The village of Bacurau is presented similarly to the small towns of a typical American western film. Shot in bright outdoor locations with surrounding desert–like environments, and having the town separated miles from any nearby population centers, a modern audience used to sights of larger population presence and more modern architecture are transported to a more humble living within the village. As Tony Jr. (Thardelly Lima), the despised mayor of the region, comes to the town for a re–election campaign and is met with deserted streets due to his arrival being forewarned by scouting members of the village, the disparity between the poorer village and rich government official is unmistakable. The formal clothing of Tony Jr. and his luxury transports, with loud speakers playing campaign music, and digital screens, are juxtaposed with the unpaved dirt roads and simple concrete buildings that make up the town. As Tony Jr. is alone in the street, it’s a powerful visual that shows both symbolic and literal division between a hardworking class of people and supposedly helpful politicians as the people of Bacurau are absent from Tony Jr.’s view, similar to how they typically aren’t in view during his controversial political actions.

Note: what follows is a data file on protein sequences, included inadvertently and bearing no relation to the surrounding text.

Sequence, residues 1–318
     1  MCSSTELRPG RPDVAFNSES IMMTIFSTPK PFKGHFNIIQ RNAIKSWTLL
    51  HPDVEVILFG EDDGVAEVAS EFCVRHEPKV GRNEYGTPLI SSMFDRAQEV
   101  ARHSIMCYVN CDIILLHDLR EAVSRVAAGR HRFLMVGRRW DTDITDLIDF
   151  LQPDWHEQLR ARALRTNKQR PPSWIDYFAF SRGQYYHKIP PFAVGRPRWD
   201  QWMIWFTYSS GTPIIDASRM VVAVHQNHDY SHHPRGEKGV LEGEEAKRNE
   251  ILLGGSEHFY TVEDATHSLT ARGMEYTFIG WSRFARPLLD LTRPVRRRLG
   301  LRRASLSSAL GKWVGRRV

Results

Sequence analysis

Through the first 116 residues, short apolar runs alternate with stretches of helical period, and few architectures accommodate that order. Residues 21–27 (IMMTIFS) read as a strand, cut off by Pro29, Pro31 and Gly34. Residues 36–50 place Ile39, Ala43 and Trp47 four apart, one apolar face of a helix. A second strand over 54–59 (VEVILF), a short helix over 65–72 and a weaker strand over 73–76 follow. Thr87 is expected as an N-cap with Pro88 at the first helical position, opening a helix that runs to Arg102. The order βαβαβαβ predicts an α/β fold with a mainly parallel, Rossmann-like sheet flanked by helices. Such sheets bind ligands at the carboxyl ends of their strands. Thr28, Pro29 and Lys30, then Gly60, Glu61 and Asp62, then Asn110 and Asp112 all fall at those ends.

As the film progresses, the town becomes more isolated, as they’re erased from digital maps and their water truck arrives with leaking bullet holes. A mainly–American mercenary group led by the German–born Michael descends upon Bacurau to kill all the inhabitants without their presence being known. The sadistic group is a polar opposite of the warm and charming Bacurau community, with the American members of the group insulting their Brazilian aids based on their language and skin tone, before gunning them down based on received orders from their wireless earbuds. The filmmakers highlight the evil and lethal mindset of racism and nationalistic mindsets against ethnically diverse populations, as these toxic worldviews lead to the brutal deaths of innocent Bacurau community members for no apparent reason besides a hunting mindset.
The friendship that is expressed in Bacurau with plentiful conversations and scenes of dance and music is juxtaposed with the often combative members of the mercenary group, arguing about nationalistic ideals and the validity of their attributed points that result from their kills. These signs of strife between the mercenary group foreshadow the eventual defeat they endure when fighting the inhabitants of Bacurau, as they cannot band together in strength to fight their targets due to a lack of connection between them, a vital characteristic that makes a fighting group much more effective in survival. The directors make the mercenary group seem even colder and calculated through the sanitized and futuristic bunker location that they sleep in, a visual antithesis of the more vibrant, earthy colors and simplistic architectural designs that make up Bacurau.